Does Apple really own Coverflow and Time Machine Concepts?

Apple Insider recently posted about the patent trial which Apple lost recently. Coverflow and Time Machine are two visually appealing concepts in Mac OS X which Windows doesn’t have. Though one can argue that these are not a most usable features. Coverflow doesn’t make sense when you have 250 albums and you will swipe through album arts to find an album. Here is the info on patent trial,

Mirror Worlds LLC filed the lawsuit in 2008, alleging that Apple had infringed on patents for creating "streams" of documents sorted by time. According to Bloomberg, a federal jury sided with Mirror Worlds on Friday, although specific details of the ruling were unavailable.

Mirror Worlds’ patents were based on research by Yale professor David Gelernter and then-doctoral student Eric Freeman. Gelernter emerged as a prominent computer scientist in the 1980s, eventually developing a time-based method of organizing data that he dubbed "lifestreaming." Patents for the concept date back as early as 1999 (1, 2, 3, 4).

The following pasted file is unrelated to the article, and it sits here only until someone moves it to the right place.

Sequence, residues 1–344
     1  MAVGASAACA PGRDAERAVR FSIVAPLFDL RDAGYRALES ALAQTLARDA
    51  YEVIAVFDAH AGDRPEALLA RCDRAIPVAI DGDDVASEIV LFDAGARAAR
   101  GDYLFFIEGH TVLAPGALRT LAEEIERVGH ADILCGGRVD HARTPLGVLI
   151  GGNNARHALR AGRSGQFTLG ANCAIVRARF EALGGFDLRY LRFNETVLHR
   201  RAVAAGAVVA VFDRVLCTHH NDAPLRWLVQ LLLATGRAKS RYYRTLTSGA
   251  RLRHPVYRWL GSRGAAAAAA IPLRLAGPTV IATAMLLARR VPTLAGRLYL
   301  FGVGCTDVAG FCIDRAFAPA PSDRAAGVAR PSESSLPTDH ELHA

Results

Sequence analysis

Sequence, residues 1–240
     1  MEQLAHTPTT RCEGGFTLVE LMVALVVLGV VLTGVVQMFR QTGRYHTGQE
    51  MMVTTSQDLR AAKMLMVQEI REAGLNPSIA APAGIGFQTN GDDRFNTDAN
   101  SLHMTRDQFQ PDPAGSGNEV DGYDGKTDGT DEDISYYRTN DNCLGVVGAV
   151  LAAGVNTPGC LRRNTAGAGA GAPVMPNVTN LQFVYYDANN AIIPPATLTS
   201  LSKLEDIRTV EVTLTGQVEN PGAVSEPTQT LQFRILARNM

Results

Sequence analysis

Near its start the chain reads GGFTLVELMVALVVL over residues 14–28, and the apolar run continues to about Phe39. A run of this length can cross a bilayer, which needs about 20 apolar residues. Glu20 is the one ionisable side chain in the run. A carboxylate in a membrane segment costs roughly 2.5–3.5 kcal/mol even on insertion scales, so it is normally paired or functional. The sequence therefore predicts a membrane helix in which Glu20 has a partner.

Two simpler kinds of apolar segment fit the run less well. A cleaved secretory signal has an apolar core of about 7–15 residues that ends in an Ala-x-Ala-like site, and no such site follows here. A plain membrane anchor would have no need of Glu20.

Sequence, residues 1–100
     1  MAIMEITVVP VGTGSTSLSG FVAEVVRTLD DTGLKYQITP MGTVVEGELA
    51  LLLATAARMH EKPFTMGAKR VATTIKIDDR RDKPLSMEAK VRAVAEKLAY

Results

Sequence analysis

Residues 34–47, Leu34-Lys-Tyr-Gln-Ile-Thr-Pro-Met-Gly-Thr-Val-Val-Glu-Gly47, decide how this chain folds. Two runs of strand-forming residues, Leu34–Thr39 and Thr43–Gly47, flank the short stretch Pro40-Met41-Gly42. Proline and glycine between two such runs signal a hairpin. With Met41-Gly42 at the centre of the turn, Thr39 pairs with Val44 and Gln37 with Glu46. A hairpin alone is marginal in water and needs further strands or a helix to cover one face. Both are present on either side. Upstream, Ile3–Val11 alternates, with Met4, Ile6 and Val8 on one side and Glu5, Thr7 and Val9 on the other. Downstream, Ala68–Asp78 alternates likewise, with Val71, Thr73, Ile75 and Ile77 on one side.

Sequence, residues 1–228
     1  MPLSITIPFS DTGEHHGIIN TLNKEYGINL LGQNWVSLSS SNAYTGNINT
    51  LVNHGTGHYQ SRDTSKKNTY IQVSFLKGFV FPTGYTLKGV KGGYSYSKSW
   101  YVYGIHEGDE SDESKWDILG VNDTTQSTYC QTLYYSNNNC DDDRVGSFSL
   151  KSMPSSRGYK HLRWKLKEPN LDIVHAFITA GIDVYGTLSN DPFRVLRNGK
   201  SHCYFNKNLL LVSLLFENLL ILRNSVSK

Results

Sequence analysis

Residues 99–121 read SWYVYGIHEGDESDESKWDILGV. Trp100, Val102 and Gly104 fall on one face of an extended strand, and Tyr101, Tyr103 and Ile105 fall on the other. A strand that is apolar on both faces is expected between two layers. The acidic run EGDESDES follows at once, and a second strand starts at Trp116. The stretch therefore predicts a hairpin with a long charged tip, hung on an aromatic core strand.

In a March interview, Gelernter told Big Think that though he no longer held the patents for the suit, which he was told is the "largest lawsuit in patent history," he was still upset about not getting credit for the ideas.
Gelernter sees the Mac OS X features Spotlight and Time Machine, as well as the iTunes Cover Flow feature, as being taken from his ideas on "lifestreaming."

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